Tuesday, May 24, 2016

Still No Aliens!

With the exception of television programs like Ancient Aliens, which I'm convinced many people watch simply to see how weird that Centauri guy can be, the hypothesis that space aliens were involved in the building of ancient monuments is on the decline. The whole idea is kind of insulting to ancient people, who from a biological standpoint were no less intelligent than we are today. They had a different knowledge base with respect to technology, but that's about it.

Not only that, some portions of that knowledge base have still not been worked out by modern scientists. It's not because there's anything mysterious about it, but rather because those solutions were arrived at in such a different cultural context. For years nobody knew how the Egyptians got their saws to run so fast without melting, until a clever engineer figured out that you could fix that problem by running the saw through water. We now use a modern version of the same technology to cut stone, and it works better than our previous methods.

Along those same lines, archaeologists are now claiming to have solved the mystery of how the gigantic stones used to build Stonehenge were transported long distances. They discovered that by loading the stones onto a simple sledge constructed out of logs, and then running the sledge over other logs laid out on the ground, the stones were much easier to move than the group expected.

In fact the one tonne stone whizzed along the make-shift silver birch track when pulled by just 10 people, moving at around 10 feet every five seconds – which works out faster than one mile per hour if pulled continually, rather than in the short bursts of the experiment.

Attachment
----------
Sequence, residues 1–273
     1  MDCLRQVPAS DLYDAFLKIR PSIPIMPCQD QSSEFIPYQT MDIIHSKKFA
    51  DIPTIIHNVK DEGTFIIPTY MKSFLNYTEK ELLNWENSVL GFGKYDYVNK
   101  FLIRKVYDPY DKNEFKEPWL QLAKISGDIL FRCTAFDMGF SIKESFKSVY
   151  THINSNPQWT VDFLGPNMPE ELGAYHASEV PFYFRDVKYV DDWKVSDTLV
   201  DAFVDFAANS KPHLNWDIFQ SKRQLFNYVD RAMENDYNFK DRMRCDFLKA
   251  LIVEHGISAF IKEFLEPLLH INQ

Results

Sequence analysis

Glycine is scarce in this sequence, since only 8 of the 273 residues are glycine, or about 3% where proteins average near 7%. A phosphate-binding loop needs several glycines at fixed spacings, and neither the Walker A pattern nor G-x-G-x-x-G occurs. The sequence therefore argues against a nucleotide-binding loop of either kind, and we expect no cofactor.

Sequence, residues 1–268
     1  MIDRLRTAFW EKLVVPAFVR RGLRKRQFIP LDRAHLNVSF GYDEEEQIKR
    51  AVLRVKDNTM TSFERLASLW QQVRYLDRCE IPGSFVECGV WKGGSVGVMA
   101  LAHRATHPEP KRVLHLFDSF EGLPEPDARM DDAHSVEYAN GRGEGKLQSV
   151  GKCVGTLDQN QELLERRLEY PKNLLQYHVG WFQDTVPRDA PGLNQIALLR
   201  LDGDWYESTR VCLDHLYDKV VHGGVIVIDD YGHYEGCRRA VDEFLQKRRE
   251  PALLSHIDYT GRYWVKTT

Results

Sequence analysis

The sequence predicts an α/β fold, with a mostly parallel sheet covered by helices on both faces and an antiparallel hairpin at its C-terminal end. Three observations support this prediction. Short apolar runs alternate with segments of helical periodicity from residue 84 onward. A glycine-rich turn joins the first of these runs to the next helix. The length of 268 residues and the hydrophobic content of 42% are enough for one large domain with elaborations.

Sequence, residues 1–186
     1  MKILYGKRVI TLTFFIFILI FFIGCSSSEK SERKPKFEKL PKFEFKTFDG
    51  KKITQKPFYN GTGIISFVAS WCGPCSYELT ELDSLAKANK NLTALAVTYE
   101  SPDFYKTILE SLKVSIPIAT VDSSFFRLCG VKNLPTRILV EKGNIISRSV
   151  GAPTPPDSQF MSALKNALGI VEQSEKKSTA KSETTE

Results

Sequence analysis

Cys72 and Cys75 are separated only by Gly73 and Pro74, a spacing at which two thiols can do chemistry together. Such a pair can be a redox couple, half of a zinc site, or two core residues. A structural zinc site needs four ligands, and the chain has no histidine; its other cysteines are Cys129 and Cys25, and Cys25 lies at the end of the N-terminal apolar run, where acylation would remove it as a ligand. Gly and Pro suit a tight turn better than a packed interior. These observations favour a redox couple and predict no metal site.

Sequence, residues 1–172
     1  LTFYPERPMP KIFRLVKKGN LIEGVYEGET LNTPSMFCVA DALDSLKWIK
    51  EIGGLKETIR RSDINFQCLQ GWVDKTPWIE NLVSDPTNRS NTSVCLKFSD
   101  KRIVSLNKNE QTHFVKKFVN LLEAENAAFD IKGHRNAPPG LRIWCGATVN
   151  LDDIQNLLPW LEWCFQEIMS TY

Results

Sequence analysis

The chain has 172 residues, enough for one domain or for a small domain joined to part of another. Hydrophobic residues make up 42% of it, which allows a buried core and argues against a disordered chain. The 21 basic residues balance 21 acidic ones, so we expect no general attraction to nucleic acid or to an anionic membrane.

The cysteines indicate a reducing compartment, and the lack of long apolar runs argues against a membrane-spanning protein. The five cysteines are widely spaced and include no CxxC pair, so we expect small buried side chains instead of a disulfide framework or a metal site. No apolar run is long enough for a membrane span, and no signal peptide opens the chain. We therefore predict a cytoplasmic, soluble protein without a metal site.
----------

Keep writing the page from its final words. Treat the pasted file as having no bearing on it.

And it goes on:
The Preseli stones from Stonehenge are approximately double the weight as the experimental block, but it is possible that one huge stone could have been brought by a group of just 20 people. The community living in the area during the Neolithic would have numbered several thousand so the absence of just a few dozen people was unlikely to cause any hardship.

Doctoral student Barney Harris, who conducted the trial in Gordon Square, London, a stone’s throw from UCL’s Institute of Archaeology, said he was surprised that so few people had been required to move the block. “We were expecting to need at least 15 people to move the stone so to find we could do it with 10 was quite interesting,” said Mr Harris.

Experts have proposed for years that the stones may have been dragged along tracks made from timbers, but even then the friction would have been high enough to require more people than seemed feasible. But the addition of the sledge reduces the friction a lot, and according to this experiment allows the stones to be moved by reasonably-sized groups of people.

I imagine it's kind of like that science museum demo where you take a crushed car weighing almost two tons and put it on a compressed air lift that elevates it a tiny fraction of an inch off the ground. Even though the car weighs almost as much as the stones used to build Stonehenge, one person can push it pretty easily once the friction is no longer an issue.

The sledge doesn't work nearly that well, but apparently it works well enough that alien help is probably off the table for good. That's a positive thing, because we do ourselves no favors when we assume ancient people were any less intelligent than we are today. Clearly they were smart enough to work with the resources they had and get the job done.

Technorati Digg This Stumble Stumble

No comments: